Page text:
Should food packs display calories by the amount exercise needed to burn the food item off?

A recent report from Loughborough university, as reported on in this article by the BBC, suggests that displaying how much exercise a person would need to do in order to burn off the calories of a food product could help curb obesity.

The report suggests that switching to this type of labelling could see people cut as many as 200 calories from their daily intake as it creates awareness of the energy cost of food. With examples such as a chocolate bar equating to 22 minutes of running and a packet of crisps needing 31 minutes of walking, it is thought that it would help people better understand what they were eating and encourage them to make healthier choices.

With two thirds of adults in the UK classed as overweight or obese, the move is being encouraged by The Royal Society for Public Health. However, there are some concerns, with eating disorder charities suggesting such labelling could act as a trigger for some people.

Can fish oil help control blood vessel inflammation?

A recent study, as reported by Medical News Today, suggests that fish oil and omega-3 fatty acids could have a role in controlling blood vessel inflammation.

The study, by researchers from the Willian Harvey Research Institute at Queen Mary University of London, found that fish oil increased blood levels of specialised pro-resolving mediators (SPMs), which are anti-inflammatory molecules. These SPMs have a powerful effect on white blood cells and control blood vessel inflammation.

Inflammation is a defence response by the immune system, which can be caused by damaged cells, toxins and, pathogens, such as bacteria. Acute inflammation in such a situation is essential to health but, should inflammation persist past the point in which it is needed or if it develops into chronic inflammation, it could see some immune cells damage tissue. Therefore, it is important for inflammation to subside in order for the healing process to begin, which is why anti-inflammatory agents, such as SPMs, are important.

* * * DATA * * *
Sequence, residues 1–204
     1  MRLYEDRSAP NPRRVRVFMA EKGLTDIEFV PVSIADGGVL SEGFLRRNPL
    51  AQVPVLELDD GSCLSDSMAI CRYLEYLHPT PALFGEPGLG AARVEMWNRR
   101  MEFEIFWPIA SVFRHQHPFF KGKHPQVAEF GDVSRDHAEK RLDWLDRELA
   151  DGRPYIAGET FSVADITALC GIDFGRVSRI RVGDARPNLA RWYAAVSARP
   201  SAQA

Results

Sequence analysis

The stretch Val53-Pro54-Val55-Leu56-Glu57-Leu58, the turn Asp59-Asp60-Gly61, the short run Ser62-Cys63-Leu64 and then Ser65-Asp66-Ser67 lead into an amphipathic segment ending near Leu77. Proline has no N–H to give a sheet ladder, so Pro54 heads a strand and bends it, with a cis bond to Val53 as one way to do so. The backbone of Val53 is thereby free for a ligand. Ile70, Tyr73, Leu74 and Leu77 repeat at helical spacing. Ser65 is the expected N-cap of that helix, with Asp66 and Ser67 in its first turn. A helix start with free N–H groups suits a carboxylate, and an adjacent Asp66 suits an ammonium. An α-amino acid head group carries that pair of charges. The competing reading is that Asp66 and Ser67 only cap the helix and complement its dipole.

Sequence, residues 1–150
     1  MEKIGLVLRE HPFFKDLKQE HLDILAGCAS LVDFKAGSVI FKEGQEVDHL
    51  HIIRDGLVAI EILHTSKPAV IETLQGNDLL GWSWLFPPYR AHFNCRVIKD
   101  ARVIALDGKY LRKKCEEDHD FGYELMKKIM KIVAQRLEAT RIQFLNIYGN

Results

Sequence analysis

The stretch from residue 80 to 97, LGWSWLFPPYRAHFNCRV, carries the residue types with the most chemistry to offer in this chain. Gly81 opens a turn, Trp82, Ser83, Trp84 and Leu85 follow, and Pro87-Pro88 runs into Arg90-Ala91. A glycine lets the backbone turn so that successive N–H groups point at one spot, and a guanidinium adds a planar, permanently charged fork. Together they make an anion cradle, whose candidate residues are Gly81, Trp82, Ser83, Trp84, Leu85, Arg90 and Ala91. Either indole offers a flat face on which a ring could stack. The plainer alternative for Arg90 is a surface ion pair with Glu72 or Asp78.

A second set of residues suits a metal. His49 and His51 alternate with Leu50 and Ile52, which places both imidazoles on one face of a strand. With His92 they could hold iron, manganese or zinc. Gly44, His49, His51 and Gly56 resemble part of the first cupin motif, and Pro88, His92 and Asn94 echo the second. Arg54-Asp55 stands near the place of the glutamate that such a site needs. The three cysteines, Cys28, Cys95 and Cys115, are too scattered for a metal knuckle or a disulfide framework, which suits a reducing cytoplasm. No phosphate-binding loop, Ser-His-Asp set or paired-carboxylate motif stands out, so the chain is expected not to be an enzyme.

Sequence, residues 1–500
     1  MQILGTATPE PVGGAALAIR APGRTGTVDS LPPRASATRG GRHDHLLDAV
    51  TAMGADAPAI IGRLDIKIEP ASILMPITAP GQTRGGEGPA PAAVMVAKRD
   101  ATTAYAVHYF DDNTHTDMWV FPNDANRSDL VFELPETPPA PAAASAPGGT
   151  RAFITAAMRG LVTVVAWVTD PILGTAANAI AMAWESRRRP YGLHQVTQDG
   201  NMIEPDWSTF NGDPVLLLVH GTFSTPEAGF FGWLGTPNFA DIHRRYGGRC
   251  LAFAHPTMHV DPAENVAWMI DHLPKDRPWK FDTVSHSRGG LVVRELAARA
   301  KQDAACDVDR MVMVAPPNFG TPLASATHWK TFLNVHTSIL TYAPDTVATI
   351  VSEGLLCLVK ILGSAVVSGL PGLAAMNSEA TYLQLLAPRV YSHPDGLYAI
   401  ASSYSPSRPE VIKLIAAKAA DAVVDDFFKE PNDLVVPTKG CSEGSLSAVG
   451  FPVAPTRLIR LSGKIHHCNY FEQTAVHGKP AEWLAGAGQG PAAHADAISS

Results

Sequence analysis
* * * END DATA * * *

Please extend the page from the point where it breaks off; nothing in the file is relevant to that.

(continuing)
Why do we get hangovers?

An appropriately timed article for the festive party period has looked at the reason we get hangovers and what foods and supplements, if any, can help lessen those symptoms.

While we don’t know exactly how hangovers occur, it’s thought that the toxicity of ethanol, and the acetaldehyde that your body metabolises ethanol into, is what leads to hangovers. The body then metabolises acetaldehyde to acetate, which is less than harmful than acetaldehyde but could still contribute towards the severity of your hangover.

The article highlights the fact that no study has categorically proven that a food substance or supplement can prevent a hangover but it does highlight some biologically plausible theories about anti-inflammatories, such as ginger, curcumin, which is the main active ingredient of turmeric, and borage oil, and glutathione upregulators, such as N. Acetyl Cysteine and milk thistle’s silymarin.

Share your thoughts

Agree with the findings in this week’s Nutrition News? Share your thoughts with us on Facebook and Twitter.

Alison Astill-Smith author Alison is Director and Founder of Metabolics who writes about Metabolics updates, events and natural healthcare. Her experience and passion for natural supplements and healthcare comes from her years of experience as a practising osteopath, having founded Metabolics in her search for high quality, natural products in her own work. Alison has been a qualified and practising Osteopath since 1981 and regularly gives seminars on a range of healthcare subjects to the wider practitioner community helping share her knowledge and experience.